The Klamath Basin consists of numerous interlinking ecosystems. Expansive marshlands feed into the Klamath River which snakes its way through semi-arid hills, steep, lushly forested canyons, and over rocky waterfalls on its way to the Pacific Ocean. From its headwaters in the high desert of southern Oregon to its mouth in the temperate rainforest of Northern California, the Klamath River is home to diverse array of wildlife species. The Klamath Basin is particularly well known for its anadromous fish runs but in past decades, the Basin was probably better known for its waterfowl populations that relied on its waters as a stopover in their travels along the Pacific Flyway.

A story map, created by Jami Dennis and recently made available by Oregon State University, is a wonderful resource for those interested in learning more about Basin history and its role within the Pacific Flyway, a major thoroughfare for migratory birds. The Pacific Flyway is regularly utilized by as many as 274 species of waterfowl and seabirds during their seasonal migrations and extends from its northernmost edge in Alaska and Canada to its southern terminus in Patagonia. The Flyway is used by birds following seasonal feeding opportunities, traveling to breeding grounds, and moving to overwintering sites.

Wetlands, Waterbirds, and Water: A visual journey through a century of change presents the history of the Klamath Basin from the perspective of the birds. It begins with descriptions of the historical presence of migratory birds in the Upper Klamath Basin. Pictures of hunters displaying their take and women wearing hats festooned with wild bird feathers help illustrate the waterfowl abundance enjoyed by people at the turn of the 20th century. Overhunting is described as the first of a series of events that have impacted migratory birds that use the Upper Basin as a stop in their cross-continent travels. An estimated 5 million birds per year were being killed to supply the hat making industry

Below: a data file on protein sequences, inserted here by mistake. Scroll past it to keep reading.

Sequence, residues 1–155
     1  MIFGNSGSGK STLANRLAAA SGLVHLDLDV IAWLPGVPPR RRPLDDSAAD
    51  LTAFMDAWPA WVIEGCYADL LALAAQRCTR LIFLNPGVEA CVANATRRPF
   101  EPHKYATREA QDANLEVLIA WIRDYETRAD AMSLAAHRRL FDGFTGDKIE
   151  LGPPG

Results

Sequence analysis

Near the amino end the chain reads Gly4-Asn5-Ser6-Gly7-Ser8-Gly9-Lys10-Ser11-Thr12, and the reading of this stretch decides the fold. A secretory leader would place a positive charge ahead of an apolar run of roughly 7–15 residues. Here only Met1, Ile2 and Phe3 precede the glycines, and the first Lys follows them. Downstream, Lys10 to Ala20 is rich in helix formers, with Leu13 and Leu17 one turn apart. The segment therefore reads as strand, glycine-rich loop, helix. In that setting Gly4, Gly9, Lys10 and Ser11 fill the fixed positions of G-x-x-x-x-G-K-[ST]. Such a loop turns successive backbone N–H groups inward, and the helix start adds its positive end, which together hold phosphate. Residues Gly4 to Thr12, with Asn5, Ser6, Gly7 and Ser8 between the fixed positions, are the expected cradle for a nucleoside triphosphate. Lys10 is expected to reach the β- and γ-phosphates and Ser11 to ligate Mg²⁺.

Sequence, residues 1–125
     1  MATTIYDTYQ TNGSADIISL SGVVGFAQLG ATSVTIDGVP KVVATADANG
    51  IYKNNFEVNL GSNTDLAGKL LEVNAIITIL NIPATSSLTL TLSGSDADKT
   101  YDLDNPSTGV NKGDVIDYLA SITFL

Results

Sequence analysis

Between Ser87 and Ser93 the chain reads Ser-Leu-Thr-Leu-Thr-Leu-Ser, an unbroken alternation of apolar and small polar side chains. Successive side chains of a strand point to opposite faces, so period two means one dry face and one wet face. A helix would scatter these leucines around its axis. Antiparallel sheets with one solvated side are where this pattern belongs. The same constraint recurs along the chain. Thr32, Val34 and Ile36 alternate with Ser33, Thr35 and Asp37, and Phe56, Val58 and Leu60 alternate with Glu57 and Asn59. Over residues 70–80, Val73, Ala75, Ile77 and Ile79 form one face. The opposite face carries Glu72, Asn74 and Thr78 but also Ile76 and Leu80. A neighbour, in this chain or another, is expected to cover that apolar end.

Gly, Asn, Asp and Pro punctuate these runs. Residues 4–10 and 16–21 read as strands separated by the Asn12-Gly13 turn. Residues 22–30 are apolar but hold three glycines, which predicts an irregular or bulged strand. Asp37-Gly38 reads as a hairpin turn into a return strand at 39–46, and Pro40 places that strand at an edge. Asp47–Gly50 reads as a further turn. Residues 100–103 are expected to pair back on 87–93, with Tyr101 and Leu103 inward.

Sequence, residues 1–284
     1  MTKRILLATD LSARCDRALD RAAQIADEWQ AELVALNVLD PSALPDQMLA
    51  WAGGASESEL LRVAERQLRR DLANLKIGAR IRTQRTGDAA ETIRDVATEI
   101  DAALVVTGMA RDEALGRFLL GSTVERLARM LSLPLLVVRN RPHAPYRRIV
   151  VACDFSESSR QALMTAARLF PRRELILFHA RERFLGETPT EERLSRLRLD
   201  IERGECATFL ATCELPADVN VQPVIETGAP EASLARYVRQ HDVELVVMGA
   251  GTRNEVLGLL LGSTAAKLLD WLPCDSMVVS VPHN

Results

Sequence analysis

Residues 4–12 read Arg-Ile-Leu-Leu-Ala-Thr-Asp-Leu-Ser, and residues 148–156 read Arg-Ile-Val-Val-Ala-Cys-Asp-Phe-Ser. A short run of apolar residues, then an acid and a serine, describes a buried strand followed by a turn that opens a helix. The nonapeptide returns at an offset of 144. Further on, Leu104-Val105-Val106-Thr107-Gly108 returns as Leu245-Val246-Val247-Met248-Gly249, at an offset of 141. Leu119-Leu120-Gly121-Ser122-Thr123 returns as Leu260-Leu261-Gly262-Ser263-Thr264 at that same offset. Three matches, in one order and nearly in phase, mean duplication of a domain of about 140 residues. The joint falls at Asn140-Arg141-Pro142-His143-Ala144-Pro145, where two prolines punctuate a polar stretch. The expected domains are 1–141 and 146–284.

Wetlands does an excellent job of illustrating the history of the Upper Basin as various development and management projects transformed the ecologies of the area. Construction of the Klamath Reclamation Project, the construction of dams, and the draining of Tule Lake changed the hydrology of the basin as well as the opportunities to hunt and enjoy the migratory birds in the region.

Dennis’ work shows the relationship between waterfowl protection work and that of environmentalist and tribes to protect various fish species in the Basin. It demonstrates how environmental and irrigation concerns have been organized according to a hierarchy of perceived needs that has inadvertently pitted various interest groups against one another in their pursuit of water access.

The ongoing drought conditions experienced throughout Western states are impacting the Upper Basin’s ability to support migratory birds.  The story map describes the drought as another instance of environmental disruption endured by birds that depend on the sanctuary historically provided by the Upper Basin. The need for environmental restoration and a brief description of the various groups contributing to restoration efforts in the Upper Basin rounds out the story map. The entirety of the piece is layered with excellent photography and nuanced, in-depth descriptions of the various factors impacting the region’s ability to support migratory birds. It is compelling, informative, and a joy to read. It offers additional complexity to our understanding of the interwoven ecologies of the Klamath Basin and draws attention to environmental realities that may surprise some readers.